I am learning to listen to those who through consistent practice of the kind of risk-taking that faith requires, have gained an understanding of who to seek as their source of wisdom. They have a friendship with God that astounds me. They carry the scent of someone who has been in his presence.
I am amazed by people who are still stinging from a tongue-lashing yet respond with kindness on their own tongues. It’s not that they can’t come up with a witty but cruel response. Defensive words are probably still the first weapons to appear, but they know how to lay down Saul’s armour and go into the cache of weapons God designed for just such moments. Their weapons bear the characteristics of the Holy Spirit. They know how to wield patience and goodness. Power wrapped in soft gentleness makes it easier to hear their words of wisdom.
When I was young, I wanted to be like the famous people who had gifts and charms they had never earned, like beauty, and intelligence, status, and talent. I admired those who led their followers on to greater exploits. Now, when I grow up, I want to be like those heroes who lead from behind, who say with kindness, “I can see who you are becoming. Your own methods have given you some problems. Get back up. Keep your eyes on Jesus. You can do it. He’s calling to walk with him. He absolutely adores you, you know.”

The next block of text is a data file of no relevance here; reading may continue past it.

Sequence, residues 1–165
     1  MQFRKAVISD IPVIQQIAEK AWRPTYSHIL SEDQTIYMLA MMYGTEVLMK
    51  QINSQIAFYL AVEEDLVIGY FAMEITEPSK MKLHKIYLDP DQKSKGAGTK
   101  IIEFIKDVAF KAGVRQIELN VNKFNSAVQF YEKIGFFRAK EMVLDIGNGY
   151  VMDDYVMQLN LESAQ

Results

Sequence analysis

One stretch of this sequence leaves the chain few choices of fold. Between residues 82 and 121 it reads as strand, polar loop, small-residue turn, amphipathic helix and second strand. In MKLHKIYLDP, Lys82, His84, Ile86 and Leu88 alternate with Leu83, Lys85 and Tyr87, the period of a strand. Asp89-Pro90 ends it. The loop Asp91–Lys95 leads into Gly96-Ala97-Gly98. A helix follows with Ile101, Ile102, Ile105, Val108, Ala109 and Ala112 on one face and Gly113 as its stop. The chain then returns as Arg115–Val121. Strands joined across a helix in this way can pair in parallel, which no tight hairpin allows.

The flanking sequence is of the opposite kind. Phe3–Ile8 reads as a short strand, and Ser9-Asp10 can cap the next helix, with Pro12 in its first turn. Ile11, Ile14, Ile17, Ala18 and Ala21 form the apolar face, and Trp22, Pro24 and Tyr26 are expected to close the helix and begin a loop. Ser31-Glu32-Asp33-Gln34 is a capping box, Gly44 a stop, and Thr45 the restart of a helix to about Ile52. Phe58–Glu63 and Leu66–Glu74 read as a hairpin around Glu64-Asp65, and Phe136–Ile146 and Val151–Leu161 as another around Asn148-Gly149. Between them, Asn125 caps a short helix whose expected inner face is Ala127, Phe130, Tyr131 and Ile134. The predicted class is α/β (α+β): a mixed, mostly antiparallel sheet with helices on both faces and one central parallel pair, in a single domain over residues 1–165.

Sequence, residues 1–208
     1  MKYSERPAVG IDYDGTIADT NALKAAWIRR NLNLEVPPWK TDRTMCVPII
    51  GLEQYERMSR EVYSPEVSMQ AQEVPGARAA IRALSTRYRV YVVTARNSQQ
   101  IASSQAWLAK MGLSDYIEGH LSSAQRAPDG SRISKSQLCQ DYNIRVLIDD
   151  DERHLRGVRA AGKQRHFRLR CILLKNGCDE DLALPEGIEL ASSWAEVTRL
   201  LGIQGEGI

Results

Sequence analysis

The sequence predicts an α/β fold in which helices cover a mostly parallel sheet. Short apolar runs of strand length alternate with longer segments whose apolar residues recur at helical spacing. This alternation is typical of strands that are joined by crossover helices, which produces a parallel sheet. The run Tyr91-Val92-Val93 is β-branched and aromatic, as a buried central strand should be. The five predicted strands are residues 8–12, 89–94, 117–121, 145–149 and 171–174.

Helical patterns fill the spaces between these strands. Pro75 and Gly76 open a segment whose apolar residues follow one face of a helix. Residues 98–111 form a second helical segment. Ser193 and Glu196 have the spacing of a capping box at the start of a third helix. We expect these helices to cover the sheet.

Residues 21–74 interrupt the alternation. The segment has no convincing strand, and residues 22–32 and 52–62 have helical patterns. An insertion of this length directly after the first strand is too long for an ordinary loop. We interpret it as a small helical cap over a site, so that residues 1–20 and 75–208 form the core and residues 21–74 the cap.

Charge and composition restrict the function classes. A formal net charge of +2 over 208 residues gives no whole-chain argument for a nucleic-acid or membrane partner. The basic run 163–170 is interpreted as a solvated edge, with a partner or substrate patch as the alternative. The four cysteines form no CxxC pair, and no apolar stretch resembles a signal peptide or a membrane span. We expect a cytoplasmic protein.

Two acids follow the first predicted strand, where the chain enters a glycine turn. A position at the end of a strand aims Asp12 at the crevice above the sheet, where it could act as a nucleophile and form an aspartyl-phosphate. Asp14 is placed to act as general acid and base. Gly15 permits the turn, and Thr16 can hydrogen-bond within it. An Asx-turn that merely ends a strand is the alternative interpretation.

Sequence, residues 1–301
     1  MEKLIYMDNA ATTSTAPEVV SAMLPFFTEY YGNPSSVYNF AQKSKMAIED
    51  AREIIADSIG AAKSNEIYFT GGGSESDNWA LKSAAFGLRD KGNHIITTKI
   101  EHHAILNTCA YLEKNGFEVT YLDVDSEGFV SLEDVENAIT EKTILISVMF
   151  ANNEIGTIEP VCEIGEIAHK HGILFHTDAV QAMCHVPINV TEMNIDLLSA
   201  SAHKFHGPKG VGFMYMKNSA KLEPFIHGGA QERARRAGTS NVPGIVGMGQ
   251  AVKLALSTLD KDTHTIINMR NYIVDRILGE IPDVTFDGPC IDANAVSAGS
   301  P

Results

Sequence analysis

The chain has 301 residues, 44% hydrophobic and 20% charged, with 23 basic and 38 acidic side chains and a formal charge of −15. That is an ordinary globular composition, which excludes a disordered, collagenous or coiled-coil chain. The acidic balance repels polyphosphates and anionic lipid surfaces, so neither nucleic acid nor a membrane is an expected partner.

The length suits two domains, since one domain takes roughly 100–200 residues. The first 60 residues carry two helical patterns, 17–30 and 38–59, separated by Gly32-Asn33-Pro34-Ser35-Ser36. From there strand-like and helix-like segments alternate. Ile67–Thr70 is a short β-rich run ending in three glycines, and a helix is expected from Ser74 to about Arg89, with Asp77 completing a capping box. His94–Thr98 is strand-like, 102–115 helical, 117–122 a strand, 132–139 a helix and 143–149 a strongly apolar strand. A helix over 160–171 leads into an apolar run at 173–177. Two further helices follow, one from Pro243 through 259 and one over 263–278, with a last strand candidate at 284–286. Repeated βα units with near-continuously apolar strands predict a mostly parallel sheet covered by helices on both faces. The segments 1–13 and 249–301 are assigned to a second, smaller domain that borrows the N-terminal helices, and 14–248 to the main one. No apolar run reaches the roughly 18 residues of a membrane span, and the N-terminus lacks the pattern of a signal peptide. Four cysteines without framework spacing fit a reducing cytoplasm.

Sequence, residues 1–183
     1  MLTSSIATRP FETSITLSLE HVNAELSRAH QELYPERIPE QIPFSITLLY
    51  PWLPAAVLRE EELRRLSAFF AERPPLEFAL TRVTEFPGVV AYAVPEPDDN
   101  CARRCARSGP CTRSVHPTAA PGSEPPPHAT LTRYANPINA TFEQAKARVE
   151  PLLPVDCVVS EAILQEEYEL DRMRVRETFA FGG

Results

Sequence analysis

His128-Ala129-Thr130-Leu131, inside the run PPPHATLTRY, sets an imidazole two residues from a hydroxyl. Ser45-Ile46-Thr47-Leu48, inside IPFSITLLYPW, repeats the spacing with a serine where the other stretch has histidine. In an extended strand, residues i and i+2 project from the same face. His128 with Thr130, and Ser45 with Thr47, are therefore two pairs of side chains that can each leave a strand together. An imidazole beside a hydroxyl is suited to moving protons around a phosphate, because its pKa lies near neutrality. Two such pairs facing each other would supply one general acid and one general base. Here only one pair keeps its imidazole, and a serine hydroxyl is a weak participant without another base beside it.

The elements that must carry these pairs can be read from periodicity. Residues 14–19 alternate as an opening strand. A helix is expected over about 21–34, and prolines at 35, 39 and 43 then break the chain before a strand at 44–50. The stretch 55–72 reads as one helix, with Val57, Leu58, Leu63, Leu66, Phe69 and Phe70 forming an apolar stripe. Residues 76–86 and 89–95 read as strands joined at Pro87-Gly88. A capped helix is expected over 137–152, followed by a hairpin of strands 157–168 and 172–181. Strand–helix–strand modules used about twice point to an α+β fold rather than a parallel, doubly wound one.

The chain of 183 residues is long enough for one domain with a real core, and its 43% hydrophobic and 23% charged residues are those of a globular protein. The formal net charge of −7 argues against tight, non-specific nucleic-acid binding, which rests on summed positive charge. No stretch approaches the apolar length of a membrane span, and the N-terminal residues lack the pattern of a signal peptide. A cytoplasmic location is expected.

Do not forsake wisdom, and she will protect you; love her, and she will watch over you. The beginning of wisdom is this: Get wisdom. Though it cost all you have, get understanding. Cherish her, and she will exalt you; embrace her, and she will honor you. She will give you a garland to grace your head and present you with a glorious crown.
He will be your constant source of stability in changing times,
and out of his abundant love he gives you
the riches of salvation, wisdom, and knowledge.
Yes, the fear of the Lord is the key to this treasure!
Isaiah 36:3 TPT
I’ve been in a court room more than once. The first time I heard, “All rise,” I was performing my civic duty on a jury. The judge frequently asked us to leave the room as discussions continued over whether or not we should hear a particular piece of evidence. We may have been charged with bringing a verdict, but he was clearly the no-nonsense authority in that room.
The second time I appeared in court was as a witness. I felt with uncomfortable nervousness the weight of responsibility. I wanted to give details clearly and honestly. I also wanted to be understood for the sake of the victims’ future. I wasn’t sure the judge would listen or take me seriously. He did.
The third time in court, I watched someone I loved being falsely accused by the defense team. I watched some of the witnesses stumble over details as the accused’s lawyers expertly tripped them up in cross-examination. I had to sit still while defense witnesses outright lied. I was terribly anxious and upset. I worried the judge would believe them, but he saw through the falsehoods. He made sure the victims were heard and protected from further harm.